On January 10, 2020, WHO (World Health Organization) began using an unfamiliar phrase that would not only shake up the nations, but the entire world: “2019 Novel Coronavirus or SARS -CoV-2.” What was originally identified as a “cluster of pneumonia” by Chinese authorities in December 2019, swiftly turned into an unprecedented crisis that was felt around the four corners of the Earth.

This respiratory disease began to spread so severely and so rapidly that the world was not prepared for what would happen next — a global health crisis. In short, COVID-19, created significant hardship(s) for people both young and old, from all walks of life, and from around the world that will continue to haunt us, long after the masks are off.

Living, In the Beginning

While uncertainty and fear continued to rise, so did the span of economic consequences, which in turn, beget the COVID-19 recession. Considered the second largest recession in the world, this bubonic plague started to hit the world in waves.

During the first of many tidal waves, there were stock market crashes, major inflation, panic buying and price gouging, government shut downs, food shortages, and businesses failures, ultimately causing businesses to lose 25% of their revenue and 11% of their workforce.

With no vaccine or cure in sight, mortality rates also began to skyrocket, aggressively and abruptly. Within each country and throughout every region, scientists, analysists, and researchers alike attempted to measure and quantify mortality rates and the effects the pandemic had on public health across populations.

According to The National Library of Medicine, 4.3 million global deaths due to SARS-CoV-2 have been reported as of August 11, 2021 to present-day. Although the death toll remains elusive, the mortality rates caused by this severe acute respiratory syndrome is considered dramatically excessive in over 100 countries across the globe and counting!

Now let’s speed up to present-day, shall we?

Outside of the economic deficit possibly quadrupling to $3.4 TRILLION DOLLARS, soaring unemployment rates, ever-so-present income inequality, the world still has bigger problems boiling beneath the surface. Statistics say and studies reveal that COVID 19 has wreaked havoc on one’s overall mental health and well-being. U.S adults have reported experiencing an increase of stress, anxiety, depression, loneliness and suicidal thoughts since the pandemic. In turn, both alcohol consumption and opioid usage has been on the rise amongst teens and adults in an attempt to deal with bouts of social isolation, uncertainties about the future, financial lack, fear of getting sick etc.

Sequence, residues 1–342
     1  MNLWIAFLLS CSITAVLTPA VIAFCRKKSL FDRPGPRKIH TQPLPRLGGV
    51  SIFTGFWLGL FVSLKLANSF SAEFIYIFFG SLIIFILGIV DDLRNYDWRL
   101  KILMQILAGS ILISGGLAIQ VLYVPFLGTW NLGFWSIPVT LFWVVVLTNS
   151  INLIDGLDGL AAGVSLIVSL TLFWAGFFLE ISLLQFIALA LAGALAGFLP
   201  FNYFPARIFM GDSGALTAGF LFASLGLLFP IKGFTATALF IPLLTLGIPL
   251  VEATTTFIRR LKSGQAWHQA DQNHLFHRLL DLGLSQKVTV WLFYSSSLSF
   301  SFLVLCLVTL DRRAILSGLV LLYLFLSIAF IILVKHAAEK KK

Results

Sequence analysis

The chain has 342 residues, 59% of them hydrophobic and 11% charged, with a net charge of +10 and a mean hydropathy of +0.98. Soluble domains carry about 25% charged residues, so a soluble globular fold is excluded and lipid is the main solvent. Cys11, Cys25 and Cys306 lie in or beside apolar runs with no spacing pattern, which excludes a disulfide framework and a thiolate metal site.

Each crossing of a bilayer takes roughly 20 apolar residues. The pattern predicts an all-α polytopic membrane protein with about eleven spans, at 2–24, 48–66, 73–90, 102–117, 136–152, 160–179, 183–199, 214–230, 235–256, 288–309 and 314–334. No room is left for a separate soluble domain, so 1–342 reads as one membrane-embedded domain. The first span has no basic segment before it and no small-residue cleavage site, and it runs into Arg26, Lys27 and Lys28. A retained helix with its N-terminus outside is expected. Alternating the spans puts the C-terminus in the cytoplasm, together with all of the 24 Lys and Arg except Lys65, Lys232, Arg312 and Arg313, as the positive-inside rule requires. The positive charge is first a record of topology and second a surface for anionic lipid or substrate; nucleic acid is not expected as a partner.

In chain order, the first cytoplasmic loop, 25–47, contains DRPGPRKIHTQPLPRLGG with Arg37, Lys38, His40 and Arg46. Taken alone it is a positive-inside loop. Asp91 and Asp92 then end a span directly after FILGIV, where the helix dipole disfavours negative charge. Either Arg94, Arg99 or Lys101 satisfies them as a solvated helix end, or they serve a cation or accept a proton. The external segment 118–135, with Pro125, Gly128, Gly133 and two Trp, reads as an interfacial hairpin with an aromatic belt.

Existing, Living “In The Now”

Needless to say, COVID-19 took this entire generation by storm and by force. Just mouthing “it” makes me uncomfortable. None of us knew how, who, what, when, where this disease came from or why it came to strike the land with such a vengeance! Millions upon millions of lives lost, while their loved ones are left picking up the shattered memories of what was but is no more.

And for the rest of us that “survived” — Where does that leave us? Where do we turn or go from here? Masks or no masks? Are we still in a pandemic or not? Will we ever recover and “go back to normal”? 

It is quite evident that none of us know the answer to any of these questions. Hey folks, I really hate to be the bearer of bad news when I say this, BUT COVID-19 is here to stay. We will never fully go back to living “pre-pandemically.”

By already lasting longer than the 1918 flu pandemic, scientists predict mounds of the omicron variants will linger long into the future. They even fear that the virus will grow in worrisome proportions!

As nations, as people, we must all learn how to deal with this aliment, this deadly disaster lasting past our lifetimes. Saying goodbye to how life used to be and enjoying life for all that it is in the now. Right now.





Leave a Reply

Your email address will not be published. Required fields are marked *

This site is protected by reCAPTCHA and the Google Privacy Policy and Terms of Service apply.